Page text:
Watch Apple break down the iPhone 13 differences
It’s iPhone 13 preorder day, and if you’ve been scratching your head about whether to go iPhone 13 mini, iPhone 13, iPhone 13 Pro, or iPhone 13 Pro Max, a new Apple video could help filter through the options. Announced on Tuesday, there’s no shortage of information out there on what changes Apple made in 2021, and what sets its four new smartphones apart.
Now, it probably shouldn’t come as a great surprise to you that Apple is very impressed by Apple’s new smartphones. If you’re hoping for unbiased, impartial commentary on the new iPhone 13 and iPhone 13 Pro, this really isn’t the video for that.
However, with Apple’s virtual event meaning no opportunity for hands-on reports from media, along with the fact that we’re not expecting the first round of reviews until sometime next week, for the moment we’ll have to take what we can get. Given the four-strong line-up again this year, too, it’s also an opportunity to compare and contrast if you’re on the fence about which iPhone model fits your particular needs. As ever, that’s not necessarily an easy decision.
Like was the case in 2020, for most people the iPhone 13 and iPhone 13 Pro seem likely to be the sweet spot in 2021. The iPhone 13 mini is most affordable, but the smaller display could leave it too small for some. We also need to see whether Apple’s claims that it has addressed the mini battery life are accurate, too.
At the other end of the scale, the iPhone 13 Pro Max clearly has appeal for those who don’t want to compromise: whether that’s on screen size, cameras, or anything else. With a starting price of $1,099, though, that’s a whole lot to spend on a new smartphone. Meanwhile, unlike with the iPhone 12 Pro and iPhone 12 Pro Max, there aren’t any obvious differences in the cameras this year.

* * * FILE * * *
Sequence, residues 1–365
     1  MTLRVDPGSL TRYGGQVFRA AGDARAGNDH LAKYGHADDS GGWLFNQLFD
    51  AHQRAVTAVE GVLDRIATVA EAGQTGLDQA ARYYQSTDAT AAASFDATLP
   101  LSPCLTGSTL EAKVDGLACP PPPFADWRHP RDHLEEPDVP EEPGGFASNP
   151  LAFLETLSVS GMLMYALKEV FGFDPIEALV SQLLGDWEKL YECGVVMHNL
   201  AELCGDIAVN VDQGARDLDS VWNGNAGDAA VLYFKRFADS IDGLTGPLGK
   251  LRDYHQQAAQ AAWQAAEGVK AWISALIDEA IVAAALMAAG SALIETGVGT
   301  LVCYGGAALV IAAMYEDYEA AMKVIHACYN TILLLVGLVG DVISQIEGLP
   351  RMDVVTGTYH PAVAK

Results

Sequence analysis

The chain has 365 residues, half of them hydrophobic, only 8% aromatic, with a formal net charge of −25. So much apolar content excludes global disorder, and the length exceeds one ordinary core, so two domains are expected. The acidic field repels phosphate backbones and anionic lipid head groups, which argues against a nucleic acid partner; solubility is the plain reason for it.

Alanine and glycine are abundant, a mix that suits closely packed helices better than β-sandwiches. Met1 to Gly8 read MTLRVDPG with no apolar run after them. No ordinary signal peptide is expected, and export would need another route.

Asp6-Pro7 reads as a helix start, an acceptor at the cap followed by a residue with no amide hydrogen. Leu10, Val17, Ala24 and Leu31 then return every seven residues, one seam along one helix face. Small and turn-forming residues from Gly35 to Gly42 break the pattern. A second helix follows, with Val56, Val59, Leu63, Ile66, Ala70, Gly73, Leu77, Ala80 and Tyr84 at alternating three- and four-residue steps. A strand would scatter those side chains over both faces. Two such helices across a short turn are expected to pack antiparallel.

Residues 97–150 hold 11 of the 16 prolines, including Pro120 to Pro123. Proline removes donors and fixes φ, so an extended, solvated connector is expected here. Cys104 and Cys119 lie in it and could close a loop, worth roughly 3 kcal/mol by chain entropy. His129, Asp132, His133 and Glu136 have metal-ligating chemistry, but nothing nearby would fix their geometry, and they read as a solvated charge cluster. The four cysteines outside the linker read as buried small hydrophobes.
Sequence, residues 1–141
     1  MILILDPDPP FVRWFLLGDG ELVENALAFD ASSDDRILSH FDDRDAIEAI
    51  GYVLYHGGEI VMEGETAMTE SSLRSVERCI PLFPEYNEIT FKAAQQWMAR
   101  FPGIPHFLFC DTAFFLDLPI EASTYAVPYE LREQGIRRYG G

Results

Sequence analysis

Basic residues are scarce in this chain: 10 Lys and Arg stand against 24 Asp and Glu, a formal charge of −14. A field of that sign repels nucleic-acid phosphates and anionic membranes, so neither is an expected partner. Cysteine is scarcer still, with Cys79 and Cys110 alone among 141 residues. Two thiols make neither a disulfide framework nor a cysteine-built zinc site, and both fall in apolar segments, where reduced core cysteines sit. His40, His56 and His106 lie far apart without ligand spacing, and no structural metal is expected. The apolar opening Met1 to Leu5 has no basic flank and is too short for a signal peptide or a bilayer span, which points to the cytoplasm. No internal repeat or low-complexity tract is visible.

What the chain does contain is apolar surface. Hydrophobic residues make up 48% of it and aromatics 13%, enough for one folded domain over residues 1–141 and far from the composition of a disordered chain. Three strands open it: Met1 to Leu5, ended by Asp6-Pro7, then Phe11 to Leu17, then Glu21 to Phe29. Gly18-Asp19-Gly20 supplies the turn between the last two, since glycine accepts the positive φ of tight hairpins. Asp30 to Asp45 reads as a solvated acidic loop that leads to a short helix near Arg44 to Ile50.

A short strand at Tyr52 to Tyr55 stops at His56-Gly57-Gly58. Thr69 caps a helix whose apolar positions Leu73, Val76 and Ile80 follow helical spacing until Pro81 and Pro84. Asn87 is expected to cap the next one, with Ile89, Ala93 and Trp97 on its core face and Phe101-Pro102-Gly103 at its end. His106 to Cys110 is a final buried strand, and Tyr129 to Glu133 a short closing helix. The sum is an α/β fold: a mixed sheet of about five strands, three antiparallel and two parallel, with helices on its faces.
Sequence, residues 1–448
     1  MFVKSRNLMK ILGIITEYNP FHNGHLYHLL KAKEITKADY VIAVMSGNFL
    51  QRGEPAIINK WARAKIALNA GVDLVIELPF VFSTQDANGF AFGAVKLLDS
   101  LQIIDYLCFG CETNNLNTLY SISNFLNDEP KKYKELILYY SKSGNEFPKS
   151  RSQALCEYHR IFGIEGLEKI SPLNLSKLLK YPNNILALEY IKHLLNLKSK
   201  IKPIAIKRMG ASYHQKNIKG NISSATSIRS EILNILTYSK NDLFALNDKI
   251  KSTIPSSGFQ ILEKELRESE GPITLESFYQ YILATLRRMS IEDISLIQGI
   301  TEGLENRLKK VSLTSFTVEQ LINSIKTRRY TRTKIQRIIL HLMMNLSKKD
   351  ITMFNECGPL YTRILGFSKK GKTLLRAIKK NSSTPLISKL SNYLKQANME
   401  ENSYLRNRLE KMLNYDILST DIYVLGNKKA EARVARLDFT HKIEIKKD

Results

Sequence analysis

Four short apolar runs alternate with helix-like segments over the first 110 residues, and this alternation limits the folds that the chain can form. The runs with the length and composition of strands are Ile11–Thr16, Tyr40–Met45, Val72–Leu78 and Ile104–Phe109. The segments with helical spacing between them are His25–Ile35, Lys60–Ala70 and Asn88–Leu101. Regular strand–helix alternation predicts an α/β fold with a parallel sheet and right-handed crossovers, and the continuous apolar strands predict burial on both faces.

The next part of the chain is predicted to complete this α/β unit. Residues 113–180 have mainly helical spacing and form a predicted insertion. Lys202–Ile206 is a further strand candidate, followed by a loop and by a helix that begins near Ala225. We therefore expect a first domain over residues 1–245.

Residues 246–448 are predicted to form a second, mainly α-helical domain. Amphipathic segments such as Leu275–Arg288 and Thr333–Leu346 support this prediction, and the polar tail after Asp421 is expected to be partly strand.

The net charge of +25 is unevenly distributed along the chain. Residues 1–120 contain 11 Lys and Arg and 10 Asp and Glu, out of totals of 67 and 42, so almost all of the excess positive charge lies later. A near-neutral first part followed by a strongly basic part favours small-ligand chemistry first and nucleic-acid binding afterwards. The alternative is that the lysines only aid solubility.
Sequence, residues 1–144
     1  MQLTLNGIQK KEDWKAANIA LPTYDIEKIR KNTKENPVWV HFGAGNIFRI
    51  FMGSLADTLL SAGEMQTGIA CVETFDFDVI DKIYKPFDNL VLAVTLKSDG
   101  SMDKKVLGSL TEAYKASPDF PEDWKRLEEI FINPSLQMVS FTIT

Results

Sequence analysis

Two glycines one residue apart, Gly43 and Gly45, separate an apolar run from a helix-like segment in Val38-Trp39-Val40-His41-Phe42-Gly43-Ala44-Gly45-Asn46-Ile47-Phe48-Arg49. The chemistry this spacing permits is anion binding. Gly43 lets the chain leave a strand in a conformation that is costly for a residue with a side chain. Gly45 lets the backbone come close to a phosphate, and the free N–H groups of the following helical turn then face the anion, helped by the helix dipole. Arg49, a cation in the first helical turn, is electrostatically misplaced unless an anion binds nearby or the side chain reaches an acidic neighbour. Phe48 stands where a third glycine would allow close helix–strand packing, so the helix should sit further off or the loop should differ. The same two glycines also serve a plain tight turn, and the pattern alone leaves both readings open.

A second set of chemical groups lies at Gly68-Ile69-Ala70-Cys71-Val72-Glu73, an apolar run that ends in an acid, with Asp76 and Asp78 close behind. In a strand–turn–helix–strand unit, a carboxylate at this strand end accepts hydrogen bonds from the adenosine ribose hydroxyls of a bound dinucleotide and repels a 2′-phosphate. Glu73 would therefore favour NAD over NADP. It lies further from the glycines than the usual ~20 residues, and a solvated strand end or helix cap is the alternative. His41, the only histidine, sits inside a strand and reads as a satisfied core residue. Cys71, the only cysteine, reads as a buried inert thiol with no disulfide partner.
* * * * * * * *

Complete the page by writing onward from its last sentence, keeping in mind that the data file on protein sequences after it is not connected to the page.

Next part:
Last year, the iPhone 12 Pro Max got sensor-shift image stabilization and a larger lens. This year, though, the iPhone 13 Pro and iPhone 13 Pro Max have the same camera specs. It means you don’t have to find space in your pocket for the very largest handset if you want the very best camera tech Apple has to offer.
Clearly, you shouldn’t be basing your entire purchasing decision on Apple’s video. All the same, if you’ve been wondering about new features like macro photography support, the new Super Retina XDR display with its 120Hz ProMotion refresh rate, and the new AI-powered Cinematic mode, this video offers a more in-depth look than Apple had time for during its keynote on Tuesday.
Preorders of the iPhone 13 family are open now, with deliveries expected to begin next Friday, September 24.